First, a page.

Dune ★★★

There’s almost no introspection, no complex social or political navigation (all these things are internal monologue in the book I’m at least glad the movie didn’t try to capture in VO), the characters are mostly bland when stripped of this internal life, there’s some bludgeoningly PG-13 editing, night scenes are muddy, Chalamet’s sleepwalking. All my fears from the trailer were more or less proven to be true. 

But the me from the past failed to consider the possibility that the movie would be fucking cool. 

For all the clunky non-violent editing, there’s some really good intentional obscuring of stuff that would be hard to take seriously if shown more in full (the shields, the suspensor, the ornithopters booting up), and a scene where a character in a stillsuit gets stabbed and water gushes out instead of blood was not only a clever workaround but really hones in on the thematic significance of water. I really can’t think of any movie remotely recently that feels as big as this does, not in terms of significance or story breadth but sheer physical scale. The idea that it’s so big it inadvertently feels small doesn’t really track because the sound is so dense and booming. I’m referring to sound design of course but more importantly, I keep thinking I’m out on Hans Zimmer until he inevitably comes back with the heat on a film like this. The main theme is otherworldly and so much more percussive than any blockbuster film of this scope. There’s also, for all the modern effects, a reliance on classic techniques, visions expressed via simple cutaways with double exposures and in-camera refractions rather than a cg vision quest.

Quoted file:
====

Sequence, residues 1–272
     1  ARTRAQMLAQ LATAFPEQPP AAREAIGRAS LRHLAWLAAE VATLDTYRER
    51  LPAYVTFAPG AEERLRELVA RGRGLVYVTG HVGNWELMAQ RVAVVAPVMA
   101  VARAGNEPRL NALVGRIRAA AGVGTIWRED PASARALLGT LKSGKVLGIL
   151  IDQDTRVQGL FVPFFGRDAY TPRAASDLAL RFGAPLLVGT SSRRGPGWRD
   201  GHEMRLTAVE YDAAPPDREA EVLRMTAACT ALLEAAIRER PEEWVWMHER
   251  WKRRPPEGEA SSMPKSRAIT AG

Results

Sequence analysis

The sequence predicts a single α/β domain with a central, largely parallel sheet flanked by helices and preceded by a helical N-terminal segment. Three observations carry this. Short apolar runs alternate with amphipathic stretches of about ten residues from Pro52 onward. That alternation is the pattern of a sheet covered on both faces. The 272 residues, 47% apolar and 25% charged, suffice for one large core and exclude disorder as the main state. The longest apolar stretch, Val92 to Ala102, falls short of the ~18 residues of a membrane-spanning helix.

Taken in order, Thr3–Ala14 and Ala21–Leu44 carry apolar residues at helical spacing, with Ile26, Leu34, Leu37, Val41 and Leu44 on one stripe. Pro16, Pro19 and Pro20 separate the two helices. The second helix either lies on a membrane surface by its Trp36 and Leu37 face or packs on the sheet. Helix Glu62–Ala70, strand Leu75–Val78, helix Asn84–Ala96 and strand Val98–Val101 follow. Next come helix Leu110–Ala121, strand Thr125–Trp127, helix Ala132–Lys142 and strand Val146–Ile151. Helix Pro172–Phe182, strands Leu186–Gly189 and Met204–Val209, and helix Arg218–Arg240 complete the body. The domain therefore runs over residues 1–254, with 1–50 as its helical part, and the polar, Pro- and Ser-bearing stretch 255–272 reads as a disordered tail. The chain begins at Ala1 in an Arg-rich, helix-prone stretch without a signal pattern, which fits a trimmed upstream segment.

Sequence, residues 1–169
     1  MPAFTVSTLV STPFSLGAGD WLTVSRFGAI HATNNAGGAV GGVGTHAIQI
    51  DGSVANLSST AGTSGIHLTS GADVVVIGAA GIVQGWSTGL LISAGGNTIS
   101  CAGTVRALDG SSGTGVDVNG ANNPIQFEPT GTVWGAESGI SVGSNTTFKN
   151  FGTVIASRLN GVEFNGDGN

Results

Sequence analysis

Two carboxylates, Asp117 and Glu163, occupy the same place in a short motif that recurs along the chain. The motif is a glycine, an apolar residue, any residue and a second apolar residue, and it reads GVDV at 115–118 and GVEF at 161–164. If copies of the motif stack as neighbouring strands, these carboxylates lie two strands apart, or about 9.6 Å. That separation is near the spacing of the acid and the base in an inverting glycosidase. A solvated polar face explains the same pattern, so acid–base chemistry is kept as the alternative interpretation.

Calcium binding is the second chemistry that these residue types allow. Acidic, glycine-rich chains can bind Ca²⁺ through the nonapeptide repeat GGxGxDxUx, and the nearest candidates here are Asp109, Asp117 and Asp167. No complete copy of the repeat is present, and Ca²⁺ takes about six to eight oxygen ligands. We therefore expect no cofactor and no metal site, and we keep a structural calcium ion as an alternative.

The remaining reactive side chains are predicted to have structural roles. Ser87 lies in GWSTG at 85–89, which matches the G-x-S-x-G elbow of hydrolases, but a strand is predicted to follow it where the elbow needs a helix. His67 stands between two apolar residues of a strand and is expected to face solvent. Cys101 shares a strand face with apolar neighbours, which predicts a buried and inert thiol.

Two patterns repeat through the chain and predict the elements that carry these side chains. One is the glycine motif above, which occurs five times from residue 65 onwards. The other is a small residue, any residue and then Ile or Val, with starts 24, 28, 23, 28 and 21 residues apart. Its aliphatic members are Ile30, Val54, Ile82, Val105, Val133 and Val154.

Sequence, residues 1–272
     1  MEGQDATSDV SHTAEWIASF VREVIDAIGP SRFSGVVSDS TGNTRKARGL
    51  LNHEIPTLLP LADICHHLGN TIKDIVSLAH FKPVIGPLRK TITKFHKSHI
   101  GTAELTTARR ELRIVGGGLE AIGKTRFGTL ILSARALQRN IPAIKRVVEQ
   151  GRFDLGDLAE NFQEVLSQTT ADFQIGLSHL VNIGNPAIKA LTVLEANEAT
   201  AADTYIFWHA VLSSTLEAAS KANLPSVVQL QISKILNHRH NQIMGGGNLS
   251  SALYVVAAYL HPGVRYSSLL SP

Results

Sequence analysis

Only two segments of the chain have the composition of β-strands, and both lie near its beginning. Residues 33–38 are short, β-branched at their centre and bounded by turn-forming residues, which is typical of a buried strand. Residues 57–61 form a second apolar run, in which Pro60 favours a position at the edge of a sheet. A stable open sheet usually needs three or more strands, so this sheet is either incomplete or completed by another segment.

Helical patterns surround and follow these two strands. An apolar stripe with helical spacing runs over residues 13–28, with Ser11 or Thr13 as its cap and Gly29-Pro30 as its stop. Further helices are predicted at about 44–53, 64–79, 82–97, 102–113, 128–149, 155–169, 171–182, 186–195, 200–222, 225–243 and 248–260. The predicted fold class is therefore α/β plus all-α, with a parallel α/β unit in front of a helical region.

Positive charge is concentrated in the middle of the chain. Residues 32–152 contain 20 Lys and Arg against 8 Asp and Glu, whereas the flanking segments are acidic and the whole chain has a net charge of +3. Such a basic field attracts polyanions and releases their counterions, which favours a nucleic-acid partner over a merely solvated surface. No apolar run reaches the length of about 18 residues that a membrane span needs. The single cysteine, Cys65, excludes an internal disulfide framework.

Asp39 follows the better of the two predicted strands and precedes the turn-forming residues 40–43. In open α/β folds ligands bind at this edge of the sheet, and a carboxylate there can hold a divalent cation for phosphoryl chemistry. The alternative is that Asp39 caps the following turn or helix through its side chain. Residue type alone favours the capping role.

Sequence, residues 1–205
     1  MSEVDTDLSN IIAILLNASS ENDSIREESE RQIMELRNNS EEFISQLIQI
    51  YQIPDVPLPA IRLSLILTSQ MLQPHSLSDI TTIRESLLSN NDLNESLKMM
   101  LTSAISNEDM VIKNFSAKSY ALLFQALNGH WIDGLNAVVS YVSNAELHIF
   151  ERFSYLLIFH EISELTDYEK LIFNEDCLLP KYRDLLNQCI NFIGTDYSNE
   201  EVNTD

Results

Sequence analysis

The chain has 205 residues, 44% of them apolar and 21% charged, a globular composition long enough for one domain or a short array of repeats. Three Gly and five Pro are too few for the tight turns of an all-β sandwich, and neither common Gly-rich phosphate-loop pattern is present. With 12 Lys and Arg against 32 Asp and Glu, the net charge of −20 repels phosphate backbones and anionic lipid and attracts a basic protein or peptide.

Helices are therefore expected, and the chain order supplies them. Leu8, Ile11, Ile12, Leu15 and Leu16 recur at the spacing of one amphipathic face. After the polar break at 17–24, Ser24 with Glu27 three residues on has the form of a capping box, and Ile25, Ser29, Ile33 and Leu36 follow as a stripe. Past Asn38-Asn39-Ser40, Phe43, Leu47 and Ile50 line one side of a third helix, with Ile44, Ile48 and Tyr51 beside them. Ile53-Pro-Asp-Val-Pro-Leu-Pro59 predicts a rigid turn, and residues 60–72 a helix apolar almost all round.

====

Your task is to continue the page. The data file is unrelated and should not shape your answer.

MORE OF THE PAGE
I’m certainly conflicted about much of this, though. I’ve always been the first to cite the thematic motivation behind the slow, droning plotlessness of 2049, and I can’t really do that here. Dune to me has never been about the design of the world or any sense of spectacle, it actually reads like a pretty small-scale character piece even with all the worldbuilding. But the stuff I like about the book isn’t adaptable to film and I do think the world and spectacle here are genuinely marvelous. It’s not possible to achieve the same sense of scale operating at a brisk pace, so I was content to watch more droning and bask in it, even if there’s not as much of a point to it. The pacing was doomed to be wonky from the start, but I can say at the very least that when it ended, I felt like I had just watched a movie, which isn’t something I can say for all Part I’s.

All in all, it was a good time learning just how many terms I’ve been mispronouncing, and after having seen the movie I still don’t think I can say Kwisatz Haderach with any sense of certainty. Villeneuve takes a complex political landscape and boils it down to an unambiguous dystopia via one simple inclusion: space bagpipes.

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